Strategic Management Strategies for Business Services

Business services

Businesses need two basic things to succeed: a product or service that customers want to buy, and the means to deliver it to them. A business that offers only services has the advantage of lower upfront costs than a product-oriented company, but can have trouble finding ways to differentiate itself in the market. It also can be difficult to quantify the value of a service, making it harder for a business owner to justify a higher price point.

Generally speaking, goods are tangible products that are typically sold in physical stores; services include things like massage therapy and car repair. However, some businesses offer both goods and services; a tanning salon, for example, sells bronzer lotion and tanning beds. Other examples include management consulting firms, law firms and accounting companies.

While a product-oriented business may be able to distinguish itself by its brand name, a pure service business is left with only its reputation as an organization that produces a specific type of service. This is an important distinction, because it imposes different strategic management challenges.

The dominant mental image about what a business does leads to a language that constrains discussion about the business, which can make it challenging for top managers to develop truly innovative approaches to managing service businesses. Nonetheless, as the service industry continues to grow and evolve, new tool kits are being developed.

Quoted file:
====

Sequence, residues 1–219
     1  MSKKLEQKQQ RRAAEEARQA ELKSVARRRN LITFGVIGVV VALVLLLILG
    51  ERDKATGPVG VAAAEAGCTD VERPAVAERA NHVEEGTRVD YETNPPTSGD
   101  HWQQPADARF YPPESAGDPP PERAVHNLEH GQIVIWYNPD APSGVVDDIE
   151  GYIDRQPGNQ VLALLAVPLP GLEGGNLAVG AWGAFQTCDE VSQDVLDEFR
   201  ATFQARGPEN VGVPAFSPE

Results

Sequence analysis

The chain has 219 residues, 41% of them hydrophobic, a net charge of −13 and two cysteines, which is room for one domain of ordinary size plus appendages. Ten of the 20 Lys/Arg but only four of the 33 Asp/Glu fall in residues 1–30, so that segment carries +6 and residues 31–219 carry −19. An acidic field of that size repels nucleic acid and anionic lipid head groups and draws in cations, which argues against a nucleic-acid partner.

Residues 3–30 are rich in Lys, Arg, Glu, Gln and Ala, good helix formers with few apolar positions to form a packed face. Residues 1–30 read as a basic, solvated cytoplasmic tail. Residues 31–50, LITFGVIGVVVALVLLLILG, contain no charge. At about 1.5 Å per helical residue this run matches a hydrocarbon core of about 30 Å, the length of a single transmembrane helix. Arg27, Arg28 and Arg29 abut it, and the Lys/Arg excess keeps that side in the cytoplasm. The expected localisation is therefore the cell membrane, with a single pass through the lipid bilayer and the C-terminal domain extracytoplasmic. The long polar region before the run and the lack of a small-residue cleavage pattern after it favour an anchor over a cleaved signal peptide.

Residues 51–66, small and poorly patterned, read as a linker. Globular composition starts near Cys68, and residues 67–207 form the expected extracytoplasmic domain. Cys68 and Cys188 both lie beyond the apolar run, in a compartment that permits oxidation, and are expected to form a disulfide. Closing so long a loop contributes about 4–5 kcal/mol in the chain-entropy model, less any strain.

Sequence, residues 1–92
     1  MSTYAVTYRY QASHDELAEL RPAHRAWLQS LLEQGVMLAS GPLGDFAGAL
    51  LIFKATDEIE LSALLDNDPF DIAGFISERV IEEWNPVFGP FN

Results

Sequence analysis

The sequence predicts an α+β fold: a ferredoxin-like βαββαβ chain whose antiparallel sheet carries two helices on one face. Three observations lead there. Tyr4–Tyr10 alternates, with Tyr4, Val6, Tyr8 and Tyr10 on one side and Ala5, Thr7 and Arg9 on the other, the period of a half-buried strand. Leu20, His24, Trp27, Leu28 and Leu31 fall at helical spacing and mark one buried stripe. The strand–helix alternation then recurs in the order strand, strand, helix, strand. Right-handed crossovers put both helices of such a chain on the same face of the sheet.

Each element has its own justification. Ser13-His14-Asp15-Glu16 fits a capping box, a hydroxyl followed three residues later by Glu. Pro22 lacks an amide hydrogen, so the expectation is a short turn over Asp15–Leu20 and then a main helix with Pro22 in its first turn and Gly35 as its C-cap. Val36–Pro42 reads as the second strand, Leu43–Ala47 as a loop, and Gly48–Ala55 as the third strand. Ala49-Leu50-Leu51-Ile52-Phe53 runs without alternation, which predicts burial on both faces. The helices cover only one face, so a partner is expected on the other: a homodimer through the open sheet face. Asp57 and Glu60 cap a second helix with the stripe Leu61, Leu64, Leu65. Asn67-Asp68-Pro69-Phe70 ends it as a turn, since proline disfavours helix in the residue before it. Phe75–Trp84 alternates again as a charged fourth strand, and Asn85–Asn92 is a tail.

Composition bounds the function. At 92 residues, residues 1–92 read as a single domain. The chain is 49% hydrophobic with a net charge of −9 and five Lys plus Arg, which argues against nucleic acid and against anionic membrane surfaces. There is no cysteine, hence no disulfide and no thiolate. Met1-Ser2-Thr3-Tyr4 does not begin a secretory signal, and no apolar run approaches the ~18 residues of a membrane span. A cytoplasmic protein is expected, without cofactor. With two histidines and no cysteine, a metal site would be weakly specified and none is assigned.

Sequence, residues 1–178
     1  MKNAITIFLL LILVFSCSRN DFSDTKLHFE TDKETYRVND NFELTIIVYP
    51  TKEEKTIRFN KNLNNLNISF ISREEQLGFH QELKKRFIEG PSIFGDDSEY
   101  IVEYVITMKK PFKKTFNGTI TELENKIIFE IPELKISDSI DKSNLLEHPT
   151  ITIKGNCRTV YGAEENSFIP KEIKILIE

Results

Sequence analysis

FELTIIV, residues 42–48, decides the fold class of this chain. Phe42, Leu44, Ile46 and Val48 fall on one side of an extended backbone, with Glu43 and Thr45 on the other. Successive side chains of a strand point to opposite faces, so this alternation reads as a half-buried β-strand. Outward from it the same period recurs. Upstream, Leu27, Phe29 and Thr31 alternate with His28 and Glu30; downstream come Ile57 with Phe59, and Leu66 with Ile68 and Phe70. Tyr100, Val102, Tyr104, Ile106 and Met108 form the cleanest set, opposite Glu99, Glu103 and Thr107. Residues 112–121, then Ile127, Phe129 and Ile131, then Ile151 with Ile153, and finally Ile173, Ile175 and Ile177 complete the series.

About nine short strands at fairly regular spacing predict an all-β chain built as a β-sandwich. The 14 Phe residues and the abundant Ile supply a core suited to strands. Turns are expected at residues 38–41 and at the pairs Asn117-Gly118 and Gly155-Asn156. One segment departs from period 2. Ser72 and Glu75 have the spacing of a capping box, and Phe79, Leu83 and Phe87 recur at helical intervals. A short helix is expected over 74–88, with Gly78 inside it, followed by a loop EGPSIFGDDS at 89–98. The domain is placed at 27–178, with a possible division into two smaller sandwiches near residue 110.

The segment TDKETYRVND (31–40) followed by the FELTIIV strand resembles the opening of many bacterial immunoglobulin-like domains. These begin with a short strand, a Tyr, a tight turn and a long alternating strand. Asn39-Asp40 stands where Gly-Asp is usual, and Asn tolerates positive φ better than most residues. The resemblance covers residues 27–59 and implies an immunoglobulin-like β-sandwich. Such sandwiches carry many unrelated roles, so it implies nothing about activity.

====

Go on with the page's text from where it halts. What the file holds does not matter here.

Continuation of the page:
One of the most important tools is a customer analysis that helps a service business identify its customers and understand their needs and behaviors. This can help the business develop its service to meet those needs and build its brand and reputation in the market.

Another key strategy is the use of shared services, which are centralized functions that can reduce costs and improve performance by reducing the duplication of effort and improving efficiency. Examples of these services include human resources, finance and accounting, information technology and supply chain operations.

A third strategy is the use of a pricing model that enables a service business to charge more for high-value services and less for standard offerings. This can be done through a tiered pricing structure or by offering discounts for larger volumes of service. Finally, a fourth strategy is to leverage partnerships and alliances to provide a wider range of services or reduce costs. This can be done through a shared-services arrangement, a contract with a vendor or through outsourcing. This can be an effective way for a small business to expand its capabilities and reach without having to hire additional employees.